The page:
After two years playing linebacker for the UC Bearcats' football team Leighton "Leo" Morgan decided that Caribbean food and Reggae Music were the best way for him to grab a slice of the American dream.
Five months ago he and his cousin Kirk Morgan, a Jamaican chef, opened Island Frydays Restaurant and Catering
at 2826 Short Vine St. in Clifton. They serve Caribbean dishes like jerk chicken and curried goat with steamed vegetables, "reggae rice" and fried plantains. The meat is tender and the flavors authentic. Most dishes are kept buffet-style to give patrons "good food fast," according to Leo Morgan. Lunch specials are $5 between 11 a.m. and 1 p.m.
Both owners were born in Clarendon, Jamaica, and followed their own paths to Cincinnati. Leo moved as a teenager to stay with relatives in Connecticut before moving to Cincinnati. Kirk was a chef for the major Jamaican chain Golden Crust in New York City before he got the call from Leo to come to Cincinnati.
Last week, Island Frydays’ Reggae Compilation #1 played in their dining room as aromas of scallion, pimiento, curry and scotch bonnet wafted from the kitchen. Leo, a Jamaican DJ, compiles and publishes the CDs himself.
"We keep the island vibes here - not just the food - but we try to bring everything to the table, the whole island experience," Leo said.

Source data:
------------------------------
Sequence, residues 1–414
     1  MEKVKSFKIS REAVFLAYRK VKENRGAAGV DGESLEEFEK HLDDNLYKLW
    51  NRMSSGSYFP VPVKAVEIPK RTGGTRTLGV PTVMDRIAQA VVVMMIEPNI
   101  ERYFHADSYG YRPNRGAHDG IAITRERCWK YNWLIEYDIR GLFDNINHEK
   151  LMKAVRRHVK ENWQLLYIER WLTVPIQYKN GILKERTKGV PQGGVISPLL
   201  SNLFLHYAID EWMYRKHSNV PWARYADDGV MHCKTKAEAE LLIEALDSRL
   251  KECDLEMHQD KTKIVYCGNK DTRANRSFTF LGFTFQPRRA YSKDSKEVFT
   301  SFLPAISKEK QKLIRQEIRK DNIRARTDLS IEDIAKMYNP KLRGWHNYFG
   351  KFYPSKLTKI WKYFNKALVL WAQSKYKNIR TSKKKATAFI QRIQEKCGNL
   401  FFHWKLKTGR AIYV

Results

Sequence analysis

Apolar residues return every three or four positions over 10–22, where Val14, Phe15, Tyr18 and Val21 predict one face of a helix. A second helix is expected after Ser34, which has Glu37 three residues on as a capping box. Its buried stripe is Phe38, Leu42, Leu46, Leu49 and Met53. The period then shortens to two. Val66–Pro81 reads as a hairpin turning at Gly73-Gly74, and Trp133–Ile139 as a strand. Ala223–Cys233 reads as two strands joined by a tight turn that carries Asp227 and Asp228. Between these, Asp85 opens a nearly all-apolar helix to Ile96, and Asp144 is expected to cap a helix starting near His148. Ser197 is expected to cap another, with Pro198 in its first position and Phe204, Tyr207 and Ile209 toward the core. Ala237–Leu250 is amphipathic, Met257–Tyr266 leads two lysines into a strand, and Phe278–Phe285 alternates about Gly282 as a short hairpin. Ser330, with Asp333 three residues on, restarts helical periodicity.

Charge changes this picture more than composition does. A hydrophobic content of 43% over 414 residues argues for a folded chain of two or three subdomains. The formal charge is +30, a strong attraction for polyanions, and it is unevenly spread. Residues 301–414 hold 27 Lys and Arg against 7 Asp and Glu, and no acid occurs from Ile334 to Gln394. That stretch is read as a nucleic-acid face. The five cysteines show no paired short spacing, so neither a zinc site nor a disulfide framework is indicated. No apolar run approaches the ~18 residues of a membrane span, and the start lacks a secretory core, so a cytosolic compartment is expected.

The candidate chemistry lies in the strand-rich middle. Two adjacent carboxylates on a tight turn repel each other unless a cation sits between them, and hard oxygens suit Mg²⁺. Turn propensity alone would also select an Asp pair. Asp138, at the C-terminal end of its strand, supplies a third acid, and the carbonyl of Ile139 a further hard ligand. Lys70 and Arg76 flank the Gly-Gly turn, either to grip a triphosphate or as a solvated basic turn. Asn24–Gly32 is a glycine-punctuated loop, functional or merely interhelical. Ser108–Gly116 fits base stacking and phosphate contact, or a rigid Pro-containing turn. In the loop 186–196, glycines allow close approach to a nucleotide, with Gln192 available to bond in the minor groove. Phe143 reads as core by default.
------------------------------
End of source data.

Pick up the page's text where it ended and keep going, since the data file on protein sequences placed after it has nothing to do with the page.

On one wall of their restaurant hang photos and biographies of Caribbean heroes, many of whom Leo and Kirk watched on television as children. Beneath them sits a brightly colored, hand-painted "Ludi" board - a popular game in Jamaica that is "like monopoly, but violent," Leo said.
A sign near the entryway heralding "Island Fryday's World Famous Jerk Chicken" suggests patrons will "taste the flavors of paradise." The slogans are part of Kirk and Leo's plan to expand, first with a carryout location in Cincinnati and then as a regional chain. Their hopes are fueled by patrons who travel from as far away as Dayton, Northern Kentucky and Indiana to find authentic Caribbean food. Members of Cincinnati's eclectic immigrant community come for dishes that remind them of home.
"We get African, Asian, and Indian customers because our meals tie in with a lot of different foods," Leo said.
Leo and Kirk have catered church and school fundraisers free of charge, and plan to start a Jamaican association in Cincinnati. They use Facebook
and Google ads to get the word out, but Leo attributes their busy lunch and dinner hours to the power of word-of-mouth marketing.
"I mean, you tasted the food, right?" he said.
For more information call 513-498-0680 or visit their website
Writer: Henry Sweets
Source: Leighton & Kirk MorganPhotography by Scott Beseler